by M.A. Sumanthiran MP
The Tamil People of this country have one big complaint. They’ve had it for over sixty years. The ‘democracy’ that is practised in this country since ‘independence’ in 1948 is nothing but majoritarianism.
When the colonial masters left, we were handed over to the Sinhalese to rule over us. Not even the purported protection in Section 29(2) of the Soulbury Constitution could prevent the disenfranchisement of the Tamils of recent Indian origin in 1949 and the passage of the ‘Sinhala only’ Official Language Act on 1956.
A simple majoritarian rule naturally gives to the permanent majority race the right to rule over permanent numerical minorities in the country. That is the wrong end of democracy; and we Tamils were the recipients of that.
When the country became a Republic and created for itself an autochthonous Constitution, the Tamils were literally left out in the cold and were prevented from participating in the making of that Constitution. The Second Republican Constitution in 1978 was also enacted without the consent of the Tamil People.
In 1987, forty years after the end of colonial rule, we saw a light at the end of the tunnel when the 13th Amendment was made to the Constitution. With all its flaws, it nevertheless recognized that Tamils could have some say in their own governance at least in the areas in which they are a majority – the North and East.
Even after aggressive colonization and forced demographic change (the Sinhala People were 9% in the Eastern Province in 1947 and grew to 29% by 1981!), Tamils were still the largest majority in the East. Recognizing that the Tamil People historically inhabited the North-East, the two provinces were temporarily merged. The substance of devolution in the 13th Amendment was grossly inadequate, and for that reason the Tamil People rejected it, and clamoured for improvements to it that would make devolution meaningful.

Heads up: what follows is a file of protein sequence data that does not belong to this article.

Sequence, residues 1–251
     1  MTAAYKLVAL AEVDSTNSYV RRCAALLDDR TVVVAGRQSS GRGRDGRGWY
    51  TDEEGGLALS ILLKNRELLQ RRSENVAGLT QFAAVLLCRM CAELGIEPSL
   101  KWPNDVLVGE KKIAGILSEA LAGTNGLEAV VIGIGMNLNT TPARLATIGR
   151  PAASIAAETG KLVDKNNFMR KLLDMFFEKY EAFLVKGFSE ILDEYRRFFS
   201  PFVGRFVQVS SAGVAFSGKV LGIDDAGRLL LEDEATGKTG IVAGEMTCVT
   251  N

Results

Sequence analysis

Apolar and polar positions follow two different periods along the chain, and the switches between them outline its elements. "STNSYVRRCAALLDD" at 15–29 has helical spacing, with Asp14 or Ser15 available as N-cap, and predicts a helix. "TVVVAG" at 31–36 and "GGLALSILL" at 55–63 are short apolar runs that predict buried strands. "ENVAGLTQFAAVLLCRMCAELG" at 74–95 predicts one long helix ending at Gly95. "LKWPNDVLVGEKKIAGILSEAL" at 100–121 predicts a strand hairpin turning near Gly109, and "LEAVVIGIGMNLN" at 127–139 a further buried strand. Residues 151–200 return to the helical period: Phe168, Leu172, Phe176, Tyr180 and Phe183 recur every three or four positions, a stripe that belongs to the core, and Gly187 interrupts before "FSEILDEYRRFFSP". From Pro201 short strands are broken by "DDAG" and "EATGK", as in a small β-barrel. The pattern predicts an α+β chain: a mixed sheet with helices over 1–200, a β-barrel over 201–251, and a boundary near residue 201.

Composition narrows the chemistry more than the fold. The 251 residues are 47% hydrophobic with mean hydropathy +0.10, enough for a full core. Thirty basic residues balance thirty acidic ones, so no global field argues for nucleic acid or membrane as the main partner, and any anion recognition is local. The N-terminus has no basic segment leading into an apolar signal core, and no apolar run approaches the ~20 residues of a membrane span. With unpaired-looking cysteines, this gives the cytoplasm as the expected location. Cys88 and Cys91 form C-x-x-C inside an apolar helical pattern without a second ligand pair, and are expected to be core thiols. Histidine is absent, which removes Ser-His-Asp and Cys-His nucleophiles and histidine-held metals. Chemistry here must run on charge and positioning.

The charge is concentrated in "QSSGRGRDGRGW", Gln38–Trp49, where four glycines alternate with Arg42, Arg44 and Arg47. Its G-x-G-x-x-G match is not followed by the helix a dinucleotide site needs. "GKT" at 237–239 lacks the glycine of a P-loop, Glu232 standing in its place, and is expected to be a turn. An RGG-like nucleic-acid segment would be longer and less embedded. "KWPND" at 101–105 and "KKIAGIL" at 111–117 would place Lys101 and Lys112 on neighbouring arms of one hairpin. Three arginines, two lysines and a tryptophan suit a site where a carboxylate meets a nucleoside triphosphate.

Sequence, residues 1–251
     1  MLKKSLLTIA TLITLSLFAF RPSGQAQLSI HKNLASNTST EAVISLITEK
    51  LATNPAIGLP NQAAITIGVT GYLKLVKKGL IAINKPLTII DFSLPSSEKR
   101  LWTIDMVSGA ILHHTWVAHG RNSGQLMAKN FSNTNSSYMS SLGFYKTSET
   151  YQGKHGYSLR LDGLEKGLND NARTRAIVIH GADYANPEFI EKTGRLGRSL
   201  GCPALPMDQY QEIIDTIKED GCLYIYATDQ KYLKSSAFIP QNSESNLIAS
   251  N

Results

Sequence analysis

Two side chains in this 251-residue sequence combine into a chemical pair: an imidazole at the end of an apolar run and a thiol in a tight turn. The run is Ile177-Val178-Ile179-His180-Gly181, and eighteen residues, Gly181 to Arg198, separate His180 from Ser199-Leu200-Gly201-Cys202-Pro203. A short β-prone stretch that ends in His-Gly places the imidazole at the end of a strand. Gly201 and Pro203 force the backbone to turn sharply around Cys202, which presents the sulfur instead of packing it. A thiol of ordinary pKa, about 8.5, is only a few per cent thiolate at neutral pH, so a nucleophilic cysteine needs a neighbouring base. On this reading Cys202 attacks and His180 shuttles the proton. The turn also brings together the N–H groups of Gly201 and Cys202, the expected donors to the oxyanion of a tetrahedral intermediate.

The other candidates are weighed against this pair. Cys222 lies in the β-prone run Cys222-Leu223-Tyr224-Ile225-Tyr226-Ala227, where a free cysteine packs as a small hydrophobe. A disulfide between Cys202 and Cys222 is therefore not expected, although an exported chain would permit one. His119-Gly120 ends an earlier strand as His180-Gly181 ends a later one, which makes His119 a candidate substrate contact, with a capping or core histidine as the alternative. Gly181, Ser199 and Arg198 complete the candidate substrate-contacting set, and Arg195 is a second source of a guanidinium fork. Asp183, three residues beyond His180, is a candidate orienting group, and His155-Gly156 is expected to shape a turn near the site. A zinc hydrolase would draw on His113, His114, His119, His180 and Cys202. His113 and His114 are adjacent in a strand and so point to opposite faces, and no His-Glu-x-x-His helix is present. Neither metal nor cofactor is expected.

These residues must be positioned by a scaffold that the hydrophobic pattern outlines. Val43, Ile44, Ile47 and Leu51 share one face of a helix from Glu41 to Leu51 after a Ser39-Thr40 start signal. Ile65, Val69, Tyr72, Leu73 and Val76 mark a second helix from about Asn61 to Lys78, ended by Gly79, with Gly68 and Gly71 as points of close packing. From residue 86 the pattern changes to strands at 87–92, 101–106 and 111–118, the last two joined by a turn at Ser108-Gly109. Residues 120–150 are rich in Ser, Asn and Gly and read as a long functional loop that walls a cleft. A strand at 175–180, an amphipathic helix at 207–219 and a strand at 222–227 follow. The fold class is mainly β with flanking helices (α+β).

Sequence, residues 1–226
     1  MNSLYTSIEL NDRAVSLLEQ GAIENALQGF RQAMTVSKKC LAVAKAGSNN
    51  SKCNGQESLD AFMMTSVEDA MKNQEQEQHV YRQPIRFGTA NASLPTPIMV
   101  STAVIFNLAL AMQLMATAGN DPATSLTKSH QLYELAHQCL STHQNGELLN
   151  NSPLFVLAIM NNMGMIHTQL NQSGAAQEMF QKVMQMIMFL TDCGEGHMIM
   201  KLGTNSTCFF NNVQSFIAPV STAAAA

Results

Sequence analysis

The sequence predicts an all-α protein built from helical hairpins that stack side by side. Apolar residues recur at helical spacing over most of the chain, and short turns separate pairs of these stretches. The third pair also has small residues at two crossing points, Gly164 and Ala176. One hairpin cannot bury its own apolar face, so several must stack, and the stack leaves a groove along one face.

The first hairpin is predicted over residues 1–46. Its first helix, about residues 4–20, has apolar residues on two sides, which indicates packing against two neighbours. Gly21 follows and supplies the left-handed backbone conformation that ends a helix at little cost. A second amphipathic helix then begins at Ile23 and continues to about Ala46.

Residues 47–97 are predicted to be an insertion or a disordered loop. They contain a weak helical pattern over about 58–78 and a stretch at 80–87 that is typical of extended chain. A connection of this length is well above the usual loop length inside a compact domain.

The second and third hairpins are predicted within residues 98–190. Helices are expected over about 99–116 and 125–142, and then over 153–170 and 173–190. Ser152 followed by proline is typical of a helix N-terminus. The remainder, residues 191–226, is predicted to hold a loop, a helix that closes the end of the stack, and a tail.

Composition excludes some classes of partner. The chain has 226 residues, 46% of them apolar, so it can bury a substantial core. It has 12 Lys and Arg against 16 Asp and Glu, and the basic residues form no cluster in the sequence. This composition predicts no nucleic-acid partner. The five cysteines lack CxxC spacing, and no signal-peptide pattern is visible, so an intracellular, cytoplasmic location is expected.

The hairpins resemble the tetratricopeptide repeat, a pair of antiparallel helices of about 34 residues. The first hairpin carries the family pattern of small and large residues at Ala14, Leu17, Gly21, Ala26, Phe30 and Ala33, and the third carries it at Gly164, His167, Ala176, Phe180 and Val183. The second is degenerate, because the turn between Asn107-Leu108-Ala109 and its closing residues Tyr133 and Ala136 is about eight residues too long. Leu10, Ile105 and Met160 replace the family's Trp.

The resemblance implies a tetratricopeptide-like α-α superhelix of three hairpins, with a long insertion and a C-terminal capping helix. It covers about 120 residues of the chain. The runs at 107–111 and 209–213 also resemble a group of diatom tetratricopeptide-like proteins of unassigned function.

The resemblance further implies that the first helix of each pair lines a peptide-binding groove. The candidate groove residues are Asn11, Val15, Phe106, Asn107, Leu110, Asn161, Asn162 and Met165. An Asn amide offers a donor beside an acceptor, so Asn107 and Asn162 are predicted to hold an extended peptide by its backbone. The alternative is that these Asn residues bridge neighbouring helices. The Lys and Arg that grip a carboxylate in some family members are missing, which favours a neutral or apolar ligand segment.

In the quarter century that followed the 13th Amendment, while the Tamil militants fought a separatist war, the moderates tried to make devolution work. From Mangala Moonesinghe Select Committee Report in 1993, through several proposals of Constitutional Reform during President Chandrika’s time, we arrived at the APRC convened by President Rajapakshe, all seeking to achieve maximum possible devolution within a united country.
In the aftermath of the war that ended in May 2009, the TNA which was elected to represent the Tamil People, has been trying to negotiate with the Government to finally settle this sixty year old conflict by means of meaningful power-sharing arrangements.
These efforts have not borne fruit since the Government seems to be of the opinion that there is no necessity for any of that since the armed rebellion of the Tamil youth has been successfully put down. They have also argued that the existing arrangements are good enough and the people at the grass root levels can have access to governance through participation at local and provincial councils.
It is in this background that calls for Northern Provincial Council elections intensified and the Government was running out of ideas to offer any more excuses for not holding the same. In order to divert attention, the Government decided to hold election to the Eastern Provincial Council and caused its dissolution one year ahead of its normal term. That the Central Government can cause such a thing to happen in itself is an indication of the degree of devolution that is possible under the 13th Amendment.